It has been clear for some time now that the corporate media is actively excluding John Edwards from its coverage of the 2008 race.
After Iowa, there was every reason for the corporate media to have started including John Edwards in its narrative. After all, even though Edwards had been third place since the summer, trailing Hillary by double-digits in several polls, he erased that gap completely, and he did so on a relative shoestring budget. As BruinKid has shown, Hillary and Obama each spent twice as much per vote as Edwards.
But instead of paying more intention to Edwards, since Iowa the corporate media is paying less attention. The corporate media blackout of John Edwards continues, and it's getting worse.
One way of measuring the corporate media's systematic exclusion of Edwards is to look at the frequency his name is mentioned during news broadcasts. CNN publishes a transcript of its programming, so I was able to run a quick analysis comparing how frequently they mentioned his name on caucus night to the day after caucus.
Here's the night of the caucus:
Here's the next day:
It's no surprise that Barack Obama got the most attention; he won the Iowa caucus, and as much as I wish he hadn't won it, I can't begrudge the fact that CNN told its viewers about it.
But there's no good reason for Edwards' coverage to fall the day AFTER the caucus. It should have gone UP not down; the news of Obama's victory had already been told, and Edwards' strong showing in Iowa should indicate a strong reservoir of support.
Even relative to Hillary, Edwards' coverage declined: on the day of the caucus, Edwards received 41% of the mentions of either Edwards or Hillary; they day after the caucus, he received just 36%, despite narrowly edging Hillary out, even though she'd led Edwards in nearly every poll for the preceding five months.
NBC News, er, General Electric News, provided perhaps the most shocking example of the corporate media blackout of John Edwards. They gave him just four seconds out of nearly nine minutes of political coverage last night, and said that Edwards had finished BEHIND Hillary.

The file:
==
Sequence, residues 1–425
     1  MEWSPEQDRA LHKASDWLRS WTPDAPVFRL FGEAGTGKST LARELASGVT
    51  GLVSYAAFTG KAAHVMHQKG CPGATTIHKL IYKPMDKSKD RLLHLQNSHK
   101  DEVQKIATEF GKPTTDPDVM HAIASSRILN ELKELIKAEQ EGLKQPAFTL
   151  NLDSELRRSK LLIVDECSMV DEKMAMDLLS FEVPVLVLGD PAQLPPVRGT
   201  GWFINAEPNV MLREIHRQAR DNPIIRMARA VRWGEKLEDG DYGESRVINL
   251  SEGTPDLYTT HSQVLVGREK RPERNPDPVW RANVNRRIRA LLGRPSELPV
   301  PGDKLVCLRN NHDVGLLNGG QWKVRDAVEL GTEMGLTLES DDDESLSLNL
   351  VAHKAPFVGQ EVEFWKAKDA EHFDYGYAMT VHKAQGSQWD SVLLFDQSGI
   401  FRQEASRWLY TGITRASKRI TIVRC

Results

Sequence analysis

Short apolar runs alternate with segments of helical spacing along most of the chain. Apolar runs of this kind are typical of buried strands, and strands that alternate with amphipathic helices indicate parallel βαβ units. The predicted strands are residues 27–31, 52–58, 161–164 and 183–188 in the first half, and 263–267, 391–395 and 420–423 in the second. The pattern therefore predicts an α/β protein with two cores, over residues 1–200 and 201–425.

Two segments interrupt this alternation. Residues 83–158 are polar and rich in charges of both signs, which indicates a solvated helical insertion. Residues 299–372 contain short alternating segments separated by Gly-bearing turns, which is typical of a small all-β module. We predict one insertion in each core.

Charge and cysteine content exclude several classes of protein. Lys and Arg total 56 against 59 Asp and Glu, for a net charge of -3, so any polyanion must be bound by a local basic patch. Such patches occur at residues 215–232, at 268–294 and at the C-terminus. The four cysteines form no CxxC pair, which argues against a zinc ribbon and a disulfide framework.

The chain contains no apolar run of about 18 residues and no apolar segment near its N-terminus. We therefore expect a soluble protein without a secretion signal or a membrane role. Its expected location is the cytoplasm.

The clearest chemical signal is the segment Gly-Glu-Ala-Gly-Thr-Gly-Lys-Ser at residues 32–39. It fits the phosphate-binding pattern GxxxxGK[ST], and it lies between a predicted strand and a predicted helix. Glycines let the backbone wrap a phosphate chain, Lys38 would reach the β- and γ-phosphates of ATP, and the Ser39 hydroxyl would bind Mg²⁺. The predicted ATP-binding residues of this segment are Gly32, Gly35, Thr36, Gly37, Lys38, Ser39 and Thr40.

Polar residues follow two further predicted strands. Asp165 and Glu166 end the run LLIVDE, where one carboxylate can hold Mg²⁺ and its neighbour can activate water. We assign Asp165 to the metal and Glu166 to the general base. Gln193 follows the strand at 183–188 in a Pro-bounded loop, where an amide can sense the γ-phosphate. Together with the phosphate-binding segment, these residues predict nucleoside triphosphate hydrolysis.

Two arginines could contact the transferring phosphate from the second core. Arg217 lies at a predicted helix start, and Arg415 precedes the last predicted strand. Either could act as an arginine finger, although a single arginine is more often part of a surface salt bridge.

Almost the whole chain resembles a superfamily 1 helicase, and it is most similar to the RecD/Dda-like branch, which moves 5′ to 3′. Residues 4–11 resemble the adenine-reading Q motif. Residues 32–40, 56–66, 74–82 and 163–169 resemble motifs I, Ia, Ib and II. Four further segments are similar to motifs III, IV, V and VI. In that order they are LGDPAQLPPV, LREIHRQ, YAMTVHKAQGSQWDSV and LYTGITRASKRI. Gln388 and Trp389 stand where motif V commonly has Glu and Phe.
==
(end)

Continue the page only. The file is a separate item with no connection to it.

Another way of looking at the corporate media blackout is analyzing the frequency with which Edwards is mentioned in multi-candidate headlines.
According to a search of the Google News archive, in 2007 Edwards was systematically excluded from coverage of the 2008 race, which the corporate media portrayed as a choice between Hillary Clinton and Barack Obama:
Amazingly, since Iowa, this exclusion has gotten WORSE.
As you can see, Obama's share of coverage increased relative to Hillary's, but Edwards fell relative to both of them.
The growing corporate media blackout of John Edwards is really a rather extraordinary development.
Edwards spent $2.7 million on TV ads in Iowa, compared to $8.3 million for Obama and $6.5 million for Hillary.
Edwards had 175 paid staffers in Iowa compared to 300 for Obama and 400 for Hillary.
Edwards had been in third place since August, trailing both Hillary and Obama in nearly every poll.
Obama's victory was clearly the "news of the day," but Edwards' surprise second-place showing should have put him back in the discussion, just like Bill Clinton's eight point loss in New Hampshire in 1992 sent him on his way to the White House.
Instead, the corporate media stepped up its campaign of exclusion.
Here's an example of Chris Matthews from caucus night. In this video he praises Hillary's campaign for plotting a brilliant comeback strategy, yet browbeats Edwards.
Here's a longer clip from last night's General Electric news, including a report from Andrea Mitchell aka Mrs. Alan Greenspan. NBC doesn't pull any punches: their systematic exclusion of John Edwards is extraordinary. Edwards was mentioned once in their entire broadcast, and in that one mention, they said that he had finished behind Hillary.
The choice in this election is clear.
We've got a field of three strong candidates. There are good reasons to vote for any of them.
If you think that corporate greed and corporate power are at the heart of America's problems, however, there's really only one choice: John Edwards.
It is John Edwards' voice that has been systematically excluded from the debate. It's been excluded by the propaganda arm of the corporate elites who stand to lose the most if his campaign is successful.
John Edwards isn't being excluded because people aren't interested in his message. The Iowa results prove that. He came in second despite being outspent and despite being shut out by the corporate media.
John Edwards is being excluded because he is talking about something that makes the corporate media truly uncomfortable: the growing concentration of power and wealth in the corporate elite.
We aren't powerless in the face of corporate power. We can start the peaceful revolution; we can start stripping the corporate giants of their authority.
We can donate, volunteer, and vote. We can tell our friends and family and neighbors about what is going.
We can tell them: you have a choice. You don't have to vote for who the corporate media chooses. You can vote for real change. You can vote to change the system.
It's in your hands. It's in our hands.